"Additional costs are attributable to the relatively low 'capacity credit' that wind power has: this factor reflects how much wind power can be expected to contribute when demand for electricity is at its peak, and this is 20-30 per cent of the nameplate capacity of the wind generators."
Given that the load factor assumed for onshore turbines is only 29 per cent of installed capacity, to claim that 20-30 per cent of installed capacity can be statistically relied upon at times of peak demand is clearly an irresponsible assertion, even if sourced from a report issued by others. The BWEA knows that this is nonsense but is happy, nevertheless, to present it as evidence to the House of Lords.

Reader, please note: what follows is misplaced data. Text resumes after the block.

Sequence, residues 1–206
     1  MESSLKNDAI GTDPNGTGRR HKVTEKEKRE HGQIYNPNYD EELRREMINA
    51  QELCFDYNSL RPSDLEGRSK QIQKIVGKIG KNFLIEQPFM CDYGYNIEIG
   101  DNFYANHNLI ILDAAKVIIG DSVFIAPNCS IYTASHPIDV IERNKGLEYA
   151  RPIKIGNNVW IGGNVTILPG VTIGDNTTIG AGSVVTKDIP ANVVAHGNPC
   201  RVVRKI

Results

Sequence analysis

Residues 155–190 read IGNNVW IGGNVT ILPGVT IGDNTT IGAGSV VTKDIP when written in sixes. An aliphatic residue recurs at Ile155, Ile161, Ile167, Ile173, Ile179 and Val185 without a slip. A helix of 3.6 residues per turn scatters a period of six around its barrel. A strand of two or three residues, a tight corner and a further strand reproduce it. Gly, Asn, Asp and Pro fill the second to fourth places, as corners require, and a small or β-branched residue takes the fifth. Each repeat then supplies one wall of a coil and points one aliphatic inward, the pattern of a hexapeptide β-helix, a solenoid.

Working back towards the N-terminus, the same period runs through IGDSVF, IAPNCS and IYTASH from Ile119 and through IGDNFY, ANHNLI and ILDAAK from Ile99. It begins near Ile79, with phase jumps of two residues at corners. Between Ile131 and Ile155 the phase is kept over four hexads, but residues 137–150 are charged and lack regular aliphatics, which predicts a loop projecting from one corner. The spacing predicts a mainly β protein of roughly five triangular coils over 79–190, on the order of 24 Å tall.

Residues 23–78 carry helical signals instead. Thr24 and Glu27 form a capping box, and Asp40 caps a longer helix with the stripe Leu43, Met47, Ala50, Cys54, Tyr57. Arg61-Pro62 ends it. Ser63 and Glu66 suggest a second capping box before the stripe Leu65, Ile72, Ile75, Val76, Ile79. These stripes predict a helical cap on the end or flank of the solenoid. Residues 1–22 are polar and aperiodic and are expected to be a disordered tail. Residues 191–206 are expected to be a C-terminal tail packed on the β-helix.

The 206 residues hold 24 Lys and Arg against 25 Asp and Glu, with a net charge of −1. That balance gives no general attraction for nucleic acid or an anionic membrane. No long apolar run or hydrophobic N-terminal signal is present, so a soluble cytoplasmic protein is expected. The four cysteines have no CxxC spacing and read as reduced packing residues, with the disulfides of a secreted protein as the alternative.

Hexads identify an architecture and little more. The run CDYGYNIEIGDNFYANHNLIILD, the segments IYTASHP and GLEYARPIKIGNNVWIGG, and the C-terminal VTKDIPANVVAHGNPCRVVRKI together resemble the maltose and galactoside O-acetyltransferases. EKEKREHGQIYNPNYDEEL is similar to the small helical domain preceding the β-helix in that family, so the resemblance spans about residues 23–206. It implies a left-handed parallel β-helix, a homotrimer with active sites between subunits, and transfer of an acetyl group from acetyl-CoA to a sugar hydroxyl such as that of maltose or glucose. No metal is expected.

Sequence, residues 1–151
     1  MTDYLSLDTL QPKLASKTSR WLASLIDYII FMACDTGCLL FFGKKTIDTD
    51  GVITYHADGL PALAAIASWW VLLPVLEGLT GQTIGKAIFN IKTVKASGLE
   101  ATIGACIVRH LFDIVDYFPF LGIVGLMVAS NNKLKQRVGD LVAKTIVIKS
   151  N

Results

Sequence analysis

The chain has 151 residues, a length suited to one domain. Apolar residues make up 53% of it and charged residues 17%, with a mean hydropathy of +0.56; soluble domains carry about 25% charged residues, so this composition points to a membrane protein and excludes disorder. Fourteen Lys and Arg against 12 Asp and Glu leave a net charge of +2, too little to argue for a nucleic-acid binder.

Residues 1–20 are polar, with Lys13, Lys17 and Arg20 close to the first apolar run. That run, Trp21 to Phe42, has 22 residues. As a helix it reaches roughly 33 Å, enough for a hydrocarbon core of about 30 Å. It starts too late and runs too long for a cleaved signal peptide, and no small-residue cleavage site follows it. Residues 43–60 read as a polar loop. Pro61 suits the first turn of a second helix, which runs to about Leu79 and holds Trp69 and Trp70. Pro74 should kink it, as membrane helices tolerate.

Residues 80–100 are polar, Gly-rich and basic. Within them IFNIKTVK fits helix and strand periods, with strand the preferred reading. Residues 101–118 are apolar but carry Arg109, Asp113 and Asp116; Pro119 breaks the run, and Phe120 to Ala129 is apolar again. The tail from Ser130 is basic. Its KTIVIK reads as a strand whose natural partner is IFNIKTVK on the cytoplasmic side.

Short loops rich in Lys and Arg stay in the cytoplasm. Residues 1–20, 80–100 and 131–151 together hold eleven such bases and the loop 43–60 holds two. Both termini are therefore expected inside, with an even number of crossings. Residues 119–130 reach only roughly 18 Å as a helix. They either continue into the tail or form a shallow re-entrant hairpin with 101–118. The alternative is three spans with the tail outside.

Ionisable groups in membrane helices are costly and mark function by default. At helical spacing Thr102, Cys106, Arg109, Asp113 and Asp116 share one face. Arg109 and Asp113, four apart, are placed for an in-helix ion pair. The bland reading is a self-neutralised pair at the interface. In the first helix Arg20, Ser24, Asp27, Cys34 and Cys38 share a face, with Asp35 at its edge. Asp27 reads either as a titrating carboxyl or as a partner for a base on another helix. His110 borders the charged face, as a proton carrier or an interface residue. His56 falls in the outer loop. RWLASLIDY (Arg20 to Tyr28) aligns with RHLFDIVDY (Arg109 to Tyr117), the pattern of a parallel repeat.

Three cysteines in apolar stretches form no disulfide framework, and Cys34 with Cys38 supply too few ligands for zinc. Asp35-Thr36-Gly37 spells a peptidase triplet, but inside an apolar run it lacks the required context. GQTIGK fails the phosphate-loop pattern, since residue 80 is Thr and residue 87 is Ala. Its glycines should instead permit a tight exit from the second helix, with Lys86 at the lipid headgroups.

BWEA's evidence, not surprisingly, is completely contradicted by E.on's evidence to the same Committee, also presented in June 2008. In E.on's supplementary evidence to the Committee (on the same website) they make it very clear, based on their practical experience, that only 8 per cent of capacity can be relied upon in winter months:
"Our assessment of winter wind generation data in 2007 indicates that the system operator could rely on 8 per cent of total UK wind capacity to meet winter peak demand at the same level of dependability as thermal plant.
"On this basis, if the UK required, say, 40,000MW of wind capacity to meet its renewable target by 2020, only 8 per cent of this renewable capacity (3,600MW) could be relied on to meet winter peak demand.
"This would avoid the need to build 3,600MW of new thermal plant but the remaining 36,400MW of renewable capacity would need to be 'backed-up' by thermal plant to meet winter peak electricity demand in 2020."
If one, somewhat generously, takes BWEA's capacity credit as being at 25 per cent, as opposed to 30 per cent, and the load factor of onshore turbines as being 29 per cent the comparison is as follows.